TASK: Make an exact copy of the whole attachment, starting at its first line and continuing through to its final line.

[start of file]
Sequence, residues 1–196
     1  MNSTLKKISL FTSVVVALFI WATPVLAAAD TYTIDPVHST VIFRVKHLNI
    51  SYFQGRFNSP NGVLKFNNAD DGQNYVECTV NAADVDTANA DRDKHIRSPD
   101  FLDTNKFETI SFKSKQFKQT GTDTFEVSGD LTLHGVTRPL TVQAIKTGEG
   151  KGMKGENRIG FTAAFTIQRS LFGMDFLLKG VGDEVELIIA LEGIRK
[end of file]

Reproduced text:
Sequence, residues 1–196
     1  MNSTLKKISL FTSVVVALFI WATPVLAAAD TYTIDPVHST VIFRVKHLNI
    51  SYFQGRFNSP NGVLKFNNAD DGQNYVECTV NAADVDTANA DRDKHIRSPD
   101  FLDTNKFETI SFKSKQFKQT GTDTFEVSGD LTLHGVTRPL TVQAIKTGEG
   151  KGMKGENRIG FTAAFTIQRS LFGMDFLLKG VGDEVELIIA LEGIRK